Reversible expansion


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Gabrielle Schwab 1G
Posts: 26
Joined: Fri Sep 25, 2015 3:00 am

Reversible expansion

Postby Gabrielle Schwab 1G » Fri Jan 15, 2016 5:19 pm

Can someone explain how the work done during a reversible expansion of a gas is the maximum expansion work possible? I know it explains this in the book but it didn't make much sense to me.

Alli Foreman 2H
Posts: 26
Joined: Fri Sep 25, 2015 3:00 am

Re: Reversible expansion

Postby Alli Foreman 2H » Sat Jan 16, 2016 1:22 pm

You get more work out of a process when it is done slowly because less heat is lost to the surroundings. Since a reversible process is done infinitely slowly, you lose the least possible amount of work. Therefore a reversible process does the maximum work.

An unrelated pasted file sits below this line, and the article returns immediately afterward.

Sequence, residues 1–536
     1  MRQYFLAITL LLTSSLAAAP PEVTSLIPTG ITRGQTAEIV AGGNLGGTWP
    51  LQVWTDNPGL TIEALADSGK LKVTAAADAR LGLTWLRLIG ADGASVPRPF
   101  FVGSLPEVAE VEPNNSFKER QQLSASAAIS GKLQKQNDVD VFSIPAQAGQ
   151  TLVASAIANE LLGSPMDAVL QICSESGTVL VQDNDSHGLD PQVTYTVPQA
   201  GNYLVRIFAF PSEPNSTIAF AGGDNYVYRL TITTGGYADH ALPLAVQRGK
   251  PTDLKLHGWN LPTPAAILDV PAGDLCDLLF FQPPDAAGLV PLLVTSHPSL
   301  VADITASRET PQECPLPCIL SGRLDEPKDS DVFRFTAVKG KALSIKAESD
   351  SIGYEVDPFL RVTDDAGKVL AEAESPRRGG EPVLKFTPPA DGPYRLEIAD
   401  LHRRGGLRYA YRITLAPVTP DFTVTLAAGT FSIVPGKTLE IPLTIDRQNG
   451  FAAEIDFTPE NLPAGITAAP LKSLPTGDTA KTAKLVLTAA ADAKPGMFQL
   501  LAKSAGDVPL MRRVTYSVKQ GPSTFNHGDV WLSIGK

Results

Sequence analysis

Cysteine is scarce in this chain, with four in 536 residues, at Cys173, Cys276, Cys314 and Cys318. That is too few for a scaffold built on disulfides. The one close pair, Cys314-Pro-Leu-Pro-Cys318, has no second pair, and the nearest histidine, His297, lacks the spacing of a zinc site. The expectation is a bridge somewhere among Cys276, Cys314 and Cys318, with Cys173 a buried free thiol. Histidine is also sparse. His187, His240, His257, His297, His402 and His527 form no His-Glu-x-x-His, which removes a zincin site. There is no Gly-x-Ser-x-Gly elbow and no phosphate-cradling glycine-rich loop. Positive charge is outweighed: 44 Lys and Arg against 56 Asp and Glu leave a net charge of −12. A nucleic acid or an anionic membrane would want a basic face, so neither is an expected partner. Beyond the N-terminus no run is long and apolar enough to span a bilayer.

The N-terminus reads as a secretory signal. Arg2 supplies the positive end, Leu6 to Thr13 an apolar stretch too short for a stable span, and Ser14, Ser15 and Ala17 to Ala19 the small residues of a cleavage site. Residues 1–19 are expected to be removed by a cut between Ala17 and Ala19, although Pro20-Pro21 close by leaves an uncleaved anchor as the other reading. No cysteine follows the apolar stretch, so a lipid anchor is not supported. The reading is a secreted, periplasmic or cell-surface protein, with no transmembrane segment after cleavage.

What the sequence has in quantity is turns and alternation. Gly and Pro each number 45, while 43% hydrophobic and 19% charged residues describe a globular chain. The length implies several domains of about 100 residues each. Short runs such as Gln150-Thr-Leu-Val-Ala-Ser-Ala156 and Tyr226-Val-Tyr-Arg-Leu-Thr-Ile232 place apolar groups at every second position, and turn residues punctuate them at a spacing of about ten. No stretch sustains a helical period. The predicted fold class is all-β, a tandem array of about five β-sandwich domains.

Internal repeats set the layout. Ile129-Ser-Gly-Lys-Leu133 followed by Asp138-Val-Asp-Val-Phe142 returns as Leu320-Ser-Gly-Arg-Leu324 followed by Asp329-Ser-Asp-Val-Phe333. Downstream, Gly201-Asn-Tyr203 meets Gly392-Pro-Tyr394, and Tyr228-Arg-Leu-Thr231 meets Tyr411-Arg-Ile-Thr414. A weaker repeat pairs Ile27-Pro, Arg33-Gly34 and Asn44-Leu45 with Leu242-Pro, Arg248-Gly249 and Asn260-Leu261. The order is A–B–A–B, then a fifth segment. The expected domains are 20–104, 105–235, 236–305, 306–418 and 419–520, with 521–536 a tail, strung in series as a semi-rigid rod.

Yuanming Mao 3J
Posts: 29
Joined: Fri Sep 25, 2015 3:00 am

Re: Reversible expansion

Postby Yuanming Mao 3J » Sat Jan 16, 2016 8:23 pm

The work done by the gas in expansion equals Pex*delta V. During reversible reaction, at each stage of expansion the external pressure must be equal to internal pressure. Since the internal pressure is higher than the external pressure(that's why the gas expands), the Pin will decrease and Pex will increase gradually at each stage. That's why at each stage the Pexis the maximum. On the contrary, during irreversible reaction, the opposing pressure is less than the maximum possible(always the same and never increases) at each stage of the expansion, so that the potential of a system to do work is lost.

Chem_Mod
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Re: Reversible expansion

Postby Chem_Mod » Sat Jan 16, 2016 11:57 pm

Both of the explanation works. Well done!


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